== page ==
• TRICK for overhead carry: actively try to push those weight overhead as if you're going to touch the ceiling. If you're doing this right, you will get tired and you will feel your core kick on!)



Phase 2 vs. Weird Walking Exercises

Already, can you see how the tip toe walking lends itself to looking like sprinting?


And that last walking version where you add in marching, can you see how that high knee resembles that powerful knee drive, requires single leg balance needed for running, and demands a strong, tall core we all want in good running form?


Again, these exercises progress to LOOK and FEEL like running, serving you as a runner.

Also, these still directly address and challenge your peroneals.


How?


With that added resistance band, you're challenging the actions the peroneal muscles perform, requiring stability and strength out of those ankle stabilizing muscles. Again, in a functional movement and form that more resembles running rather extreme, non-functional, end ranges of motion which the funky walks place you in.

Not to mention, the added pressure and resistance from the band, can potentially help restore ankle proprioception (your ankle joint and tendons communicating it's place in space to your brain).


But that's an entirely different blog post for another day. Just know, it's ok to double dip and get additional benefits on top of the primary objective.

What NOT To Do with Peroneal Tendonitis

Let's wrap this up with a couple things to be careful of, running fit fam.

  • Note on Phase 2 Exercises: if they huuuurt and do NOT feel good, don't do them!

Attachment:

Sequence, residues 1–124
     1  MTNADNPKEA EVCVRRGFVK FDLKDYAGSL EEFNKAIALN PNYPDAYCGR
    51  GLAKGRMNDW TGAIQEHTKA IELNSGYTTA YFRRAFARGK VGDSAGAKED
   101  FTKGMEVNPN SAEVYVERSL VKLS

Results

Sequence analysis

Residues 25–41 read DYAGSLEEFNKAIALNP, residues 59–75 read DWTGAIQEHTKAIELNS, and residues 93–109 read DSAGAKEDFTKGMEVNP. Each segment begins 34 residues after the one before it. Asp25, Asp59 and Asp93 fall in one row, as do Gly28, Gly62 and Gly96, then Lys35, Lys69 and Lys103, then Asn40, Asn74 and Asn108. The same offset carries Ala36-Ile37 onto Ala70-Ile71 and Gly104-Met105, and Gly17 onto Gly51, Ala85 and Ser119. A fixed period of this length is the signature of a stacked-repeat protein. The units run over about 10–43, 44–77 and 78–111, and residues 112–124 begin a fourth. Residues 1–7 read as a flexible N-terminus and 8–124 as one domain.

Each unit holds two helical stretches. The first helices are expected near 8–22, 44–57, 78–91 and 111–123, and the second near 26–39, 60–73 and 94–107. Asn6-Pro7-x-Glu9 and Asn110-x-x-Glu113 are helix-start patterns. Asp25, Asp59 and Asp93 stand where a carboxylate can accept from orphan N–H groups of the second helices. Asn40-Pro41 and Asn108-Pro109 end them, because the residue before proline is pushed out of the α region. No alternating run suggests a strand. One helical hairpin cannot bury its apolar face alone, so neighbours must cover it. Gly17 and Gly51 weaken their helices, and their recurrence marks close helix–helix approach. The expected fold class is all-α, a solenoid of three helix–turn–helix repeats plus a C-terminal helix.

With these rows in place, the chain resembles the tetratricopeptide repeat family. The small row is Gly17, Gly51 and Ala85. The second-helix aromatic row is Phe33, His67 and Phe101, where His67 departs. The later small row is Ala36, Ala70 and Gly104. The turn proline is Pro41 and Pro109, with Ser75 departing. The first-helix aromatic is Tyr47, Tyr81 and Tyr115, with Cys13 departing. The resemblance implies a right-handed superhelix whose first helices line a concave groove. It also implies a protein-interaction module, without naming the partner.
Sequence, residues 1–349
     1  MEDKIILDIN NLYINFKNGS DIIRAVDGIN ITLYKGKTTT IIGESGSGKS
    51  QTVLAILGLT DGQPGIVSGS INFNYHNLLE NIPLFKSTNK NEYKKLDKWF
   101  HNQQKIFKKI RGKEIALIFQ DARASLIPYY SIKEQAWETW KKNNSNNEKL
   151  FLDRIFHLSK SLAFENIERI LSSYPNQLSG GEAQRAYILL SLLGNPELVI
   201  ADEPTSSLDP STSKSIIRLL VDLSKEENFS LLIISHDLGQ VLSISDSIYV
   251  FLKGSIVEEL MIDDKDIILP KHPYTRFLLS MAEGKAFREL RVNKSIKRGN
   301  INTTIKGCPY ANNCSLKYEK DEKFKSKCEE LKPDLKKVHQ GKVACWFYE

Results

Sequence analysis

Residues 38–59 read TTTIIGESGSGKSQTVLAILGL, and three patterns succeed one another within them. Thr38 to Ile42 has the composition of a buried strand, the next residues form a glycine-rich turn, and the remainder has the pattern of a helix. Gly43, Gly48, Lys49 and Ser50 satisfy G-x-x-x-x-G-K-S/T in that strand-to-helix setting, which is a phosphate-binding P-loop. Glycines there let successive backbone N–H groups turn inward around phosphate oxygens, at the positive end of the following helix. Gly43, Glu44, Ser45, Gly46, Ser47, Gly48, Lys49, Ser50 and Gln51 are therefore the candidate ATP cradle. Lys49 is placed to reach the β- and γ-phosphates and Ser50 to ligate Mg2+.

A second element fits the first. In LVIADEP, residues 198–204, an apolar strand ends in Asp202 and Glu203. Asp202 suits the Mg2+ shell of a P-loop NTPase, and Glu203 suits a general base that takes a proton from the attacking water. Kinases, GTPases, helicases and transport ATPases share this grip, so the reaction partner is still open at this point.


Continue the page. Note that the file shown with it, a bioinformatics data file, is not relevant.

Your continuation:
• This is your body's way of saying "hey there, I'm not ready for this yet!". Respect the healing process your body is at and stick with the Stronger Feet exercises.

  • Be careful foam rolling!

Check out this image:



See that common peroneal nerve and how closely it runs to the fibula bone?


Your peroneals are in the EXACT same neighborhood.


Which means, if you foam roll UBER aggressively, you could potentially irritate that nerve which innervates already really cranky muscles.

Can you see how that's gonna be a bad day?

So if foam rolling helps you, you can keep doing it! Just with respect for the other anatomical structures surrounding it.

  • Don't over do it.

    • This is a classic case of "more is NOT always better".

    • If your sore spots feel more irritated instead of tired by strong, after these, then it's a definite sign some rest days are in your future.

    • You may need to work into these 1x a day or 1x every other day.

But if after 2 weeks there is NO improvement or you feel WORSE, please seek out the medical care you deserve.

It's not worth the frustration of trying to google-doctor yourself back together. Go see your friendly, neighborhood physical therapist. We'll be happy to help you get back out on the road!


That's a wrap, running fit fam!


I hope you leave feeling empowered, knowledgeable, confident, and resilient.


You now know:
  • How to test yourself for peroneal issues/tendonitis

  • Have exercises to fall back on to treat *minor* cases (like when things first start to pop up and you're considering those rest days like at the beginning)

  • And a couple things to be careful about.

Your light years ahead of where you started at the beginning of this blog post! So give yourself a high five and as always…

Dare to Train Differently,

Marie Whitt, PT, DPT //@dr.whitt.fit

P.S. Want to get started on making sure peroneal tendonitis never leaves you feeling confused, overwhelmed, discouraged and bewildered again? Skip the unplanned rest days and check out the Stronger Feet Workshop!

 

References

Chiu, L., Yaremko, A., & vonGaza, G. (2017). Addition of Glute-Ham-Gastroc Raise to a Resistance Training Program: Effect on Jump Propulsion and Landing. Journal Of Strength And Conditioning Research, 31(9), 2562-2571. doi: 10.1519/jsc.0000000000002065


Guide | Physical Therapy Guide to Peroneal Tendinopathy. (2022). Retrieved 15 July 2022, from https://www.choosept.com/guide/physical-therapy-guide-peroneal-tendinopathy\